3. The entire case is thrown out and who knows what happens then, it’s complicated, probably gay marriage would be legalized in California but I’m not entirely sure

    I would argue there are four possibilities. And I would amend:

    3. If the proponents are found not to have standing to appeal, then the original decision by Judge Walker stands. (The defendants clearly have standing; that is not being questioned, so their original case to Walker would not be thrown out; it is only the standing of the proponents to appeal that decision that is in doubt.) Same-sex couples would again be able to marry in California. (Personally, I hate the phrase “gay” marriage, since it suggests what I want and would have with my same-sex partner is a different kind of marriage than what someone wants and has with an opposite-sex partner — I will get a marriage license, not a “gay” marriage license; and we will marry at our home, not “gay” marry at our home — but that semantic fight may be a losing battle until it exists everywhere in the country.)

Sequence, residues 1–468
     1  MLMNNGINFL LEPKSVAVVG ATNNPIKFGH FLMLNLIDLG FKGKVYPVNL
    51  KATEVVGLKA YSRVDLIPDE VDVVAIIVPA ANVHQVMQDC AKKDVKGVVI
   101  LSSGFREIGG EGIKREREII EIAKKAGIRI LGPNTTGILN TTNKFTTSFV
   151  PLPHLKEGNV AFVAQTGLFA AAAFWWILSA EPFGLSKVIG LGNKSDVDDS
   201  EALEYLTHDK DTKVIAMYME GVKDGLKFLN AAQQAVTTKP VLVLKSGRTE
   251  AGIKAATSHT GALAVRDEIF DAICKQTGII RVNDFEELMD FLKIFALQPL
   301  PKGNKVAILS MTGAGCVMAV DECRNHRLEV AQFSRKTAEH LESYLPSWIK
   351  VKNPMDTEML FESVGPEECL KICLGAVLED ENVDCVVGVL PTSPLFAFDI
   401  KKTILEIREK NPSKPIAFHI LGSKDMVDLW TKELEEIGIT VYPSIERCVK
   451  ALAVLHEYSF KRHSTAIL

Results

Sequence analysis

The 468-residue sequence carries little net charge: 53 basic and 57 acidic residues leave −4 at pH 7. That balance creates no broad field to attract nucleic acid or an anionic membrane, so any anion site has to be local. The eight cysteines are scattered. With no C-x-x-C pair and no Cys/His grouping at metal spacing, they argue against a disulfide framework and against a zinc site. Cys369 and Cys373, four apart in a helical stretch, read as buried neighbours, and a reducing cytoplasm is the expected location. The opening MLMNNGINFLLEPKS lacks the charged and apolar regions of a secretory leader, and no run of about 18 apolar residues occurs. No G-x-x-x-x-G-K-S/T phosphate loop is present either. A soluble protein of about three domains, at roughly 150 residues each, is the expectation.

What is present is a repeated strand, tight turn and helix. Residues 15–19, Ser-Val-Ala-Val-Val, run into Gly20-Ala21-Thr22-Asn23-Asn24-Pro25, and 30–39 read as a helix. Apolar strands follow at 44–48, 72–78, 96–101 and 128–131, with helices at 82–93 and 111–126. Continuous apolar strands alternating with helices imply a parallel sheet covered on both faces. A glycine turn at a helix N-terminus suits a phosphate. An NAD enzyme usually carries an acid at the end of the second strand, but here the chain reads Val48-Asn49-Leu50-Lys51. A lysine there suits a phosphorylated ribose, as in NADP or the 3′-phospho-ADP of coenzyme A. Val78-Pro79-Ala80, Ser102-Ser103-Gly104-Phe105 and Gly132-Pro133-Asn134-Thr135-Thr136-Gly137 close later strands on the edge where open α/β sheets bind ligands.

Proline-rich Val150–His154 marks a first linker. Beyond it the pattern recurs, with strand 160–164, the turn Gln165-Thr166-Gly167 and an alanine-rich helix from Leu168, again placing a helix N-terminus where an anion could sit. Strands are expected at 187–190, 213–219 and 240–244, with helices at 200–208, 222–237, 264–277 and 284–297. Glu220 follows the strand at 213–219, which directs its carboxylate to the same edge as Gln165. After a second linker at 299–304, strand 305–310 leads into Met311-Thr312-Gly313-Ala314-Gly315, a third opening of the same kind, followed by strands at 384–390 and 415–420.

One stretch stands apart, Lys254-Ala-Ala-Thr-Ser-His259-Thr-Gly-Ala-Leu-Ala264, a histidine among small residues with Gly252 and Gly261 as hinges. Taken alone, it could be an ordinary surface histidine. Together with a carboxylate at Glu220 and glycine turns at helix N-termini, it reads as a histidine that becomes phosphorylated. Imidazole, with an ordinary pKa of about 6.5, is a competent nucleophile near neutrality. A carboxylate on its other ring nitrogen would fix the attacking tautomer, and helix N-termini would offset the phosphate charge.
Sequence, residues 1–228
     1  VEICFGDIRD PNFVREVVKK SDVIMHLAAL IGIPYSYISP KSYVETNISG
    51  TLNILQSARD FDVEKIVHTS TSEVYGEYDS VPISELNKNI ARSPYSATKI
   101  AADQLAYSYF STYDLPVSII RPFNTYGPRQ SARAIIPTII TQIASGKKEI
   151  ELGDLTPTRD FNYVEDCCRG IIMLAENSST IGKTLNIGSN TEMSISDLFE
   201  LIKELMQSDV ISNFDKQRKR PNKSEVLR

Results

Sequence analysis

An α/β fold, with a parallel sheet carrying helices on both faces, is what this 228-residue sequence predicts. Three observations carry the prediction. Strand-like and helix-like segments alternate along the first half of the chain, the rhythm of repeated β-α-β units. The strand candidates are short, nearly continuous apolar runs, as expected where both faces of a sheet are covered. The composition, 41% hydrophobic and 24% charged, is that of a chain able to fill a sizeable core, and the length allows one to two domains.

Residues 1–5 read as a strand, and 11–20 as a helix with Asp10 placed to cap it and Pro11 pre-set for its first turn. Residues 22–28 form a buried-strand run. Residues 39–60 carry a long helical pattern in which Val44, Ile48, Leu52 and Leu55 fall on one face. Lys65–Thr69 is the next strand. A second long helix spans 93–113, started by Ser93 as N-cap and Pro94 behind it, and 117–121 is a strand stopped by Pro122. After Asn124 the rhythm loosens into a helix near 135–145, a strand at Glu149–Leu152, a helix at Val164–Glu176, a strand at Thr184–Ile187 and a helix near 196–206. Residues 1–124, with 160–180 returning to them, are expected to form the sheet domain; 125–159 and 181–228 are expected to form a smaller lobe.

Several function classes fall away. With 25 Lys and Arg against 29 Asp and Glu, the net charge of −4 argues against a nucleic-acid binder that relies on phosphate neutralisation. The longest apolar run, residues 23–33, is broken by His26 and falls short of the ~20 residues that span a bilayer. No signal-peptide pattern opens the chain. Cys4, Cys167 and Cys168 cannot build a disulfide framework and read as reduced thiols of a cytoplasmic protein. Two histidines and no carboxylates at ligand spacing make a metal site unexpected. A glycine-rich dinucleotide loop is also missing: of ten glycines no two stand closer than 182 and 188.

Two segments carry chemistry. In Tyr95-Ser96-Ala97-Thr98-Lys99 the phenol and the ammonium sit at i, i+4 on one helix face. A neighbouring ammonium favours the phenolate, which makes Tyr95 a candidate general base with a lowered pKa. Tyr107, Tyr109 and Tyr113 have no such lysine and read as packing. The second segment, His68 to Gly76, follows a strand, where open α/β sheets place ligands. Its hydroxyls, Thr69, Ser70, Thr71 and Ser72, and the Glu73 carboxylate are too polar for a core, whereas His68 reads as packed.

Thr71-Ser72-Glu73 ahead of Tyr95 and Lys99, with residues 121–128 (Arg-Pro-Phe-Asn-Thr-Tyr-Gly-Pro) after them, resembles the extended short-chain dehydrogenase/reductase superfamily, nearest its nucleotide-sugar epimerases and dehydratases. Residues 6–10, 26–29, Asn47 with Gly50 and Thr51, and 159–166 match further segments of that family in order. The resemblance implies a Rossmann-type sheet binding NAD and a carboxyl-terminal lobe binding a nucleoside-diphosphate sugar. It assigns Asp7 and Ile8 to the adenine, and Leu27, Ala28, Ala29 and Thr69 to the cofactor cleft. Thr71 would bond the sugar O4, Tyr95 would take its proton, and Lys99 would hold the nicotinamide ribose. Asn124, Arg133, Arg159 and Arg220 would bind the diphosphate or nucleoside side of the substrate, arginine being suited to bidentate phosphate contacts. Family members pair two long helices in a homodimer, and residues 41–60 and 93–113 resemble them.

And I would add:
    4. Prop 8 is upheld, and same-sex couples may not marry in California (until we are able to re-amend the state constitution). Additionally, a broad ruling that sexual orientation isn’t subject to higher scrutiny, and that the constitution doesn’t forbid discrimination on the basis of sexual orientation, could impact marriage equality efforts more broadly, making it nearly impossible to get equal marriage rights except at the ballot box, meaning wide swaths of the country wouldn’t achieve equality for decades, as well as impacting other LGBT equality battles (e.g., employment nondiscrimination protection).

  5. thomwatson says

    Does Obama’s justice department have to defend DOMA if the administration is opposed to it?